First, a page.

On Tuesday, September 24, MAZ held a panel at our NYC office that brought together thought leaders from across the media and tech industry to discuss subscription “paywalls.” Throughout the evening’s panel, moderated by Adweek’s emerging tech reporter Patrick Kulp, MAZ CEO Paul Canetti, The New York Times’ VP of Product Eric Hellweg, Quip’s Director of Growth Mike Schanbacher and former CEO of Visto, Kerri Bianchi gave insight on the ever-evolving paywall.
As we learned from the “Death of Advertising” chat, for most publishers out there, implementing a hard paywall is not as simple as it seems. Not only are there several types, including the emerging“freemium” subscription, media companies also need to learn how and where to incorporate today’s wildly popular direct-to-consumer business model.
Below, we discuss the expert panel’s tips on how digital brands can utilize a “paywall” to diversify revenue streams without risking alienating existing their audience.
Large and historic publications typically have the resources, such as cash flow and trusted name recognition, to draw on their audience’s trust and investment in them.
Take for example trade publications (like Digiday) and Conde Nast’s current transition of putting all its magazines behind a paywall by the end of the year. Readers already accustomed to receiving their favorite magazines in print will have no trouble transitioning to Conde’s online subscriptions, while also attracting those willing to pay for its well-regarded digital content.
Small and mid-sized publishers can leverage niche content to draw readers who can’t find its offerings elsewhere.
For example, investigative tech publication The Information, which charges a whopping $400/year for exclusive in-depth stories, has attracted the industry it covers to invest in its reporters. The premium subscription rate far exceeds the average revenue that such a niche publication has a chance at generating from ads alone. For example, the site would need thousands of page views per month to bring in a similar ad revenue rate. Some Silicon Valley’s top power players have been praising The Information’s coverage since its launch in 2013, and according to the company, “Ten out of 11 of the founders of the most highly valued private tech companies subscribe.”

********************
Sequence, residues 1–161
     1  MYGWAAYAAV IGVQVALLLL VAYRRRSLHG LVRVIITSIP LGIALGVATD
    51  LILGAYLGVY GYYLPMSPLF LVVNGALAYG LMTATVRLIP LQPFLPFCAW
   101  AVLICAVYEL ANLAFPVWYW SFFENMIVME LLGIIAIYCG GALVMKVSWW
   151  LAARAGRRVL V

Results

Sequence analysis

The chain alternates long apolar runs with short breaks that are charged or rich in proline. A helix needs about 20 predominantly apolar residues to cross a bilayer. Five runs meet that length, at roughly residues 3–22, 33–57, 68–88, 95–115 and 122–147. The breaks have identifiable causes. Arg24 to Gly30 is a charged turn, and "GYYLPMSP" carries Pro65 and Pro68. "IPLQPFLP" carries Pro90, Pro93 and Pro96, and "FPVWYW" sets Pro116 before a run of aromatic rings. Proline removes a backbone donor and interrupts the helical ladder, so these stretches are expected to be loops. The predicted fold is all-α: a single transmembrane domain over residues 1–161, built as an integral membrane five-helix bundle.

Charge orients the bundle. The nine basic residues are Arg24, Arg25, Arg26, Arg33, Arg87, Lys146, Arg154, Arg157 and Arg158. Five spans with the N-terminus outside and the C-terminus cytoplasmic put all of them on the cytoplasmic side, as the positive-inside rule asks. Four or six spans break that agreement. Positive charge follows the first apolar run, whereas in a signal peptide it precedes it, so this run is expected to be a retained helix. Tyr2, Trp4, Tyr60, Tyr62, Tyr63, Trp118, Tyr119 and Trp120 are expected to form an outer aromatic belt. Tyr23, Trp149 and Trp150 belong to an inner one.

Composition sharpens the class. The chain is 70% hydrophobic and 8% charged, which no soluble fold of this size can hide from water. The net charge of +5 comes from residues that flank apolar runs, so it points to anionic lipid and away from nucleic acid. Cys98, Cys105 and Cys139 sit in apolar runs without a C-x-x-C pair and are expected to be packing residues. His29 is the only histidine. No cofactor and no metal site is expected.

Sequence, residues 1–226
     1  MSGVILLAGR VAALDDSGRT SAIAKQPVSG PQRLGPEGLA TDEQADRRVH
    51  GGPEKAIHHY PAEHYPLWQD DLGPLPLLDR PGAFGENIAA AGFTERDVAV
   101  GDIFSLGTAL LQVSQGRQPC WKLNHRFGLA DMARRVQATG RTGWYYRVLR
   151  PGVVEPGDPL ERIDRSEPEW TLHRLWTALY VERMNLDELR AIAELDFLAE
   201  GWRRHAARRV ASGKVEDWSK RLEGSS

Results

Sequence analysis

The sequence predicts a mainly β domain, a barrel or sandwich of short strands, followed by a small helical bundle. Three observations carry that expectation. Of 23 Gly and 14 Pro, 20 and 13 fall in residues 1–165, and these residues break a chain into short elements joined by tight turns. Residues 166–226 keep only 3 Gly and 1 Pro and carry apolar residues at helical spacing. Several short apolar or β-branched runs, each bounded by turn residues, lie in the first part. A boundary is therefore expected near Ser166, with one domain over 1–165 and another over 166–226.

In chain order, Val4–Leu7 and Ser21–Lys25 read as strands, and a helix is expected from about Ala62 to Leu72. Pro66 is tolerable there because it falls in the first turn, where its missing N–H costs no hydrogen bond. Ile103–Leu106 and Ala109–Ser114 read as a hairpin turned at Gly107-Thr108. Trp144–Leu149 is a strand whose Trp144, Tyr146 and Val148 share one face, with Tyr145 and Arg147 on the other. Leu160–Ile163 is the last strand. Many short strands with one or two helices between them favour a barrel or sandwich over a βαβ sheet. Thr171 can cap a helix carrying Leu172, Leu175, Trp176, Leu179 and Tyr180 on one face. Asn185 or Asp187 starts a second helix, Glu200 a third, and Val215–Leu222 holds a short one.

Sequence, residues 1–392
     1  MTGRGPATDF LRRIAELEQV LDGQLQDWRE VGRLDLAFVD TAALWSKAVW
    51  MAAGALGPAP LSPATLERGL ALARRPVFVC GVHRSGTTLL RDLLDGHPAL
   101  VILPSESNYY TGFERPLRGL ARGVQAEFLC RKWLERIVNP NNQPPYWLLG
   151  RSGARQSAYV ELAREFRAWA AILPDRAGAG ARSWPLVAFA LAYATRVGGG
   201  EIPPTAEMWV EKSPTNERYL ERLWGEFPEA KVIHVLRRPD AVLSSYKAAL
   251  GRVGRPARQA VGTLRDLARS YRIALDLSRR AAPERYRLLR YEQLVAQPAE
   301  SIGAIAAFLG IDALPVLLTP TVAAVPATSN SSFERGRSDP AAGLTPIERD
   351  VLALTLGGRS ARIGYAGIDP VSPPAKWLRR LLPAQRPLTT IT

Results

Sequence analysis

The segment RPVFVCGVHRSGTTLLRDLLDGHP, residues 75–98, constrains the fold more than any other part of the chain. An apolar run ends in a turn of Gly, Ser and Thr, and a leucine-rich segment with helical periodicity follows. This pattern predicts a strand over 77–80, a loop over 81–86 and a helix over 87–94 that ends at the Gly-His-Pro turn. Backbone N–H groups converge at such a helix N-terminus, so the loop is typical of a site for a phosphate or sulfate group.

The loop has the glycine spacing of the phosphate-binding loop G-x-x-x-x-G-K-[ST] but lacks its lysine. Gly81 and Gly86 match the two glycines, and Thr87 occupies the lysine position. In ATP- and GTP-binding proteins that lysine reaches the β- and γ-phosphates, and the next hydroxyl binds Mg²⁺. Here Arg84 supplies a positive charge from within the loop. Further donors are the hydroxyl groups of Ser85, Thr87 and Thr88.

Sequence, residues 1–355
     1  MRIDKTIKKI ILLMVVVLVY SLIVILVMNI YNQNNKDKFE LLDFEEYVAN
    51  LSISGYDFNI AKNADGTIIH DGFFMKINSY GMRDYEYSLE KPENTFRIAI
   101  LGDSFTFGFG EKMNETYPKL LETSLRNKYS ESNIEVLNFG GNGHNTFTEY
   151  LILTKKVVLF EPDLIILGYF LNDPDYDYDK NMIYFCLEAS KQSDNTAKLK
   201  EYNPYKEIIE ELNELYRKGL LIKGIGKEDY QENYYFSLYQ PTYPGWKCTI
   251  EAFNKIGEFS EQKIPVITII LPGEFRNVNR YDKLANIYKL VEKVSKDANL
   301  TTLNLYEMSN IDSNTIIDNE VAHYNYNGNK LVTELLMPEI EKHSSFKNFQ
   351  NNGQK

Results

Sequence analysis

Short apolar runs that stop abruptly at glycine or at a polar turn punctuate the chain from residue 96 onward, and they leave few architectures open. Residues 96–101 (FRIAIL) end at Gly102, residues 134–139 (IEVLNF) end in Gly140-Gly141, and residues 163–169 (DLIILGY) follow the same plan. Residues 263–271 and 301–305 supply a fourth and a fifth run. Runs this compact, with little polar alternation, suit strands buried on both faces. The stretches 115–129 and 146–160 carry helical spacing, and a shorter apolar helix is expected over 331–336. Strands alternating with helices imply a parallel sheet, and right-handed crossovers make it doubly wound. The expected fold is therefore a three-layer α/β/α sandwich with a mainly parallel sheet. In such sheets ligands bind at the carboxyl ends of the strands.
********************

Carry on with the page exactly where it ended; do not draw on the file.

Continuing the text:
Specific content can pay off.
Besides implementing hard paywalls, publishers that specialize in niche content can also convince complementary advertisers of choosing theirs over a more broad audience. “The idea of looking for quality audiences are what many marketers are looking for, and that’s a big part of it,” explained former CEO of Visto Kerri Biachni during MAZ’s Paywall panel. She also noted to the data science that goes into which type of consumer to target and which will stick with free content.
Take a page out of academic publications.
Selling data-driven content “for parts” is one way to add a non-traditional revenue stream. For example, the Harvard Business Review “repackages” their highest quality stories with multimedia using various formats slideshows, presentations, infographics, etc.
Consider a freemium model in the vain of Spotify or Hulu.
Not every article needs to be blocked for a paywall to bring in revenue. Publications can determine what content to put behind a paywall and which it’s willing to give away for “free” (ad-supported) to the public in order to keep audiences coming back. Take streaming service Hulu for example, which has perfected the multi-tier subscription model to suit all its customers, including its popular $5.99/month ad-supported plan.
Similarly, music streaming giant Spotify also runs ads and limits premium features for its “free” account users, thus encouraging them to pay up for uninterrupted service. Depending on the type of content being presented and your audience’s data-measured priorities, one of the aforementioned hybrid models may offer a better ad revenue route than a conventional paywall.
When it comes to digital paywalls, there is no one-size-fits-all solution, as our panel of experts outlined. For publishers looking to take the subscription plunge, following a few of the above tips could ensure a sustainable, reader-friendly model.